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Series:

Angus E. Dalrymple-Smith

Commercial Transitions and Abolition in West Africa 1630–1860 by Angus Dalrymple-smith offers a fresh perspective on why the most important West African states and merchants who traded with Atlantic markets became exporters of commodities instead of slaves in the nineteenth century. This study takes a long-term comparative approach and makes of use of new quantitative data.

It argues that the timing and nature of the change from slave exports to so-called ‘legitimate commerce’ in the Gold Coast, the Bight of Biafra and the Bight of Benin, can be predicted by patterns of trade established in previous centuries by a range of African and European actors responding to the changing political and economic environments of the Atlantic world.

Roads Through Mwinilunga

A History of Social Change in Northwest Zambia

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Iva Peša

Roads through Mwinilunga provides a historical appraisal of social change in Northwest Zambia from 1750 until the present. By looking at agricultural production, mobility, consumption, and settlement patterns, existing explanations of social change are reassessed. Using a wide range of archival and oral history sources, Iva Peša shows the relevance of Mwinilunga to broader processes of colonialism, capitalism, and globalisation. Through a focus on daily life, this book complicates transitions from subsistence to market production and dichotomies between tradition and modernity. Roads through Mwinilunga is a crucial addition to debates on historical and social change in Central Africa.

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Edited by Dustin J. Byrd and Seyed Javad Miri

In Frantz Fanon and Emancipatory Social Theory: A View from the Wretched, Dustin J. Byrd and Seyed Javad Miri bring together a collection of essays by a variety of scholars who explore the lasting influence of Frantz Fanon, psychiatrist, revolutionary, and social theorist. Fanon’s work not only gave voice to the “wretched” in the Algerian War of Independence (1954-1962), but also shaped the radical resistance to colonialism, empire, and racism throughout much of the world. His seminal works, such as Black Skin, White Masks, and The Wretched of the Earth, were read by The Black Panther Party in the United States, anti-imperialists in Africa and Asia, and anti-monarchist revolutionaries in the Middle East. Today, many revolutionaries and scholars have returned to Fanon’s work, as it continues to shed light on the nature of colonial domination, racism, and class oppression.

Contributors include: Syed Farid Alatas, Rose Brewer, Dustin J. Byrd, Sean Chabot, Richard Curtis, Nigel C. Gibson, Ali Harfouch, Timothy Kerswell, Seyed Javad Miri, Mumia Abu-Jamal, Pramod K. Nayar, Elena Flores Ruíz, Majid Sharifi, Mohamed Imran Mohamed Taib and Esmaeil Zeiny.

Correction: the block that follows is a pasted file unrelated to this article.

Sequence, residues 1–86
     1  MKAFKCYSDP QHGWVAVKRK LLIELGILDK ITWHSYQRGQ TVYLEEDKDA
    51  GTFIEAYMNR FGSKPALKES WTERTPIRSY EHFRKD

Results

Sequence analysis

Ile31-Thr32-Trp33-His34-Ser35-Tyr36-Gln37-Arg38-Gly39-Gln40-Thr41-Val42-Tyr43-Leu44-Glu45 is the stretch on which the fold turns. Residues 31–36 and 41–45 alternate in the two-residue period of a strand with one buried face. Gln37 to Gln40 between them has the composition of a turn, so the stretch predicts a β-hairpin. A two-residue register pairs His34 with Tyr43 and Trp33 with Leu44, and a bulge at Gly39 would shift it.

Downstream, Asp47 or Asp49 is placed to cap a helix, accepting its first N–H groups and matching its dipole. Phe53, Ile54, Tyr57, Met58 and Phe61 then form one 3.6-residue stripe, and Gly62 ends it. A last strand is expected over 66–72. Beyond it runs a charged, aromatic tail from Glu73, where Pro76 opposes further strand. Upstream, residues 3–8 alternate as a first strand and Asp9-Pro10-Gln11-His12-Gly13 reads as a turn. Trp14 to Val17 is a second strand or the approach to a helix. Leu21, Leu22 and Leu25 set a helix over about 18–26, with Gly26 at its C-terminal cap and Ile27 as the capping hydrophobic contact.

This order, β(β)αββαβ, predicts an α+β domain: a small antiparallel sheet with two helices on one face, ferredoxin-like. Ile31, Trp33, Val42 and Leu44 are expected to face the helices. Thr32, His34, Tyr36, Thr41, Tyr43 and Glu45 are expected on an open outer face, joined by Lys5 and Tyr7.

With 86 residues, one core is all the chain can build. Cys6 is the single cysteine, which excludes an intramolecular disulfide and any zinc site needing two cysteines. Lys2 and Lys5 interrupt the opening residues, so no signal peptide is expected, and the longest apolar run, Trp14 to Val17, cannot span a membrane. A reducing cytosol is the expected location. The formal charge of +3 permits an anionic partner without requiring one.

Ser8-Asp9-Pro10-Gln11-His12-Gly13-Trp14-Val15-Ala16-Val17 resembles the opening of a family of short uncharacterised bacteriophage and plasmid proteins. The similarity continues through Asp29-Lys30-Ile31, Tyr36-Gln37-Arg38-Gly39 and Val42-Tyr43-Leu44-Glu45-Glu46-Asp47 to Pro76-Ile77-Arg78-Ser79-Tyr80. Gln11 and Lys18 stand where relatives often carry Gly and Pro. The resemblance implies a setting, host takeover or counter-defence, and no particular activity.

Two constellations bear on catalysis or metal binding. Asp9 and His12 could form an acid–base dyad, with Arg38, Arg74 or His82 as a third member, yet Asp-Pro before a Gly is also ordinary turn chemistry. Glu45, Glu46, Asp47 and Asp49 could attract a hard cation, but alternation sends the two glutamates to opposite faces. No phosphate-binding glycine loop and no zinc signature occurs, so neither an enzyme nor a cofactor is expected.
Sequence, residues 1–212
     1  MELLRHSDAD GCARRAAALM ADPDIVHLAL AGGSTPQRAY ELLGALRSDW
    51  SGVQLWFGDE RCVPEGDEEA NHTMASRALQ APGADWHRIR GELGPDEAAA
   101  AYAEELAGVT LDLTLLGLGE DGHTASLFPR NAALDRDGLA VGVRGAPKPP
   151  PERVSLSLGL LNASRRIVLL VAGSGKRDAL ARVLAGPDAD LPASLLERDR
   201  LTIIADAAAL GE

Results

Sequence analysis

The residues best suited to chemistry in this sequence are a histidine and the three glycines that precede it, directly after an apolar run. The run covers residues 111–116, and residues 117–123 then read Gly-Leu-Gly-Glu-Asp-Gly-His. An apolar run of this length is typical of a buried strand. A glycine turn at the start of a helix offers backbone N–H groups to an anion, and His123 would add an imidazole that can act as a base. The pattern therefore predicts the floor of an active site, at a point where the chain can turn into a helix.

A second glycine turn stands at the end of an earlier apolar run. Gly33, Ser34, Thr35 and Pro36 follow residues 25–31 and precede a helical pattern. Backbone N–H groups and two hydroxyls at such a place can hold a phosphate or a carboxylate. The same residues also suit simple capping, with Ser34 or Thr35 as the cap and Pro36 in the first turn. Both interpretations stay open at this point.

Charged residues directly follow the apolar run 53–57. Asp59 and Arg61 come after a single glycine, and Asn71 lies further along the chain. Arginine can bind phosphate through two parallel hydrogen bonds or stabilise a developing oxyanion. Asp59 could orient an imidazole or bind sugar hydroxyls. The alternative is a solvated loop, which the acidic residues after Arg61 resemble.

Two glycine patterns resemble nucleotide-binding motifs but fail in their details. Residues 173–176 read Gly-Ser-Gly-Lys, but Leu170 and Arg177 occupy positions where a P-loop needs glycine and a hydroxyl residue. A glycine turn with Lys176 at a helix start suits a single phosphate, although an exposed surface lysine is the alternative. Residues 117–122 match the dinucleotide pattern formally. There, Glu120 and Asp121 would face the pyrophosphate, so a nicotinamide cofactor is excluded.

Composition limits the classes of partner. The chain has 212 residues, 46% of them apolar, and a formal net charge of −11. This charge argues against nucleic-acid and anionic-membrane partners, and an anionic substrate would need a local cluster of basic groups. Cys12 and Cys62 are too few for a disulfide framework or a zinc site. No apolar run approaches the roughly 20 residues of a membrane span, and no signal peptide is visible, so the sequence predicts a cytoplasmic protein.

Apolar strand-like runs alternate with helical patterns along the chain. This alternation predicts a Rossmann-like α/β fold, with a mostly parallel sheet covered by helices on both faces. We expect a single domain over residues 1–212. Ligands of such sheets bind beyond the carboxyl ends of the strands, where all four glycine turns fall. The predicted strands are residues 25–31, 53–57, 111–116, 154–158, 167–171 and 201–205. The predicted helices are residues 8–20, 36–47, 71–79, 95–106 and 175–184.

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Edited by Burkhard Schnepel and Tansen Sen

Travelling Pasts, edited by Burkhard Schnepel and Tansen Sen, offers an innovative exploration of the issue of heritage in the Indian Ocean world. This collection of essays demonstrates how the heritagization of the past has played a vital role in processes and strategies related to the making of socio-cultural identities, the establishing of political legitimacies, and the pursuit of economic and geopolitical gains. The contributions range from those dealing with the impact of UNESCO’s World Heritage Convention in the Indian Ocean world as a whole to those that address the politics of cultural heritage in various distinct maritime sites such as Zanzibar, Mayotte, Cape Town, the Maldives, Calcutta and Penang. Also examined are the Maritime Silk Road and the Project Mausam initiatives of the Chinese and Indian governments respectively. The volume is an important contribution to the transdisciplinary fields on Indian Ocean Studies.

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Nigel Worden

Abstract

This chapter examines the ambiguities that exist in the ways in which Cape Town’s Indian Ocean heritage is publically perceived and how this is presented in museums, exhibitions and monuments. It argues that this is a reflection of Cape Town’s ambiguous political and cultural position within the ‘new South Africa’. The chapter focuses on two case studies, one on the representation of Islam, the other on that of slavery. In the case of Islam a strong invented tradition produced the racial and cultural category of ‘Malay’ in the apartheid era, a tradition that presented Islam as an exotic import from the Dutch East Indies brought by aristocratic exiles and religious leaders, but neglecting the role played by slaves and others within the town. Public commemoration of slavery in museums and monuments has only emerged since the advent of democracy in 1994, its aim being to depict its diverse geographical and cultural Indian Ocean roots more broadly. However, the association of slavery with Islam and Southeast Asia remains strong, and a broader Indian Ocean, and especially African, context is contested.

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Abdul Sheriff

Abstract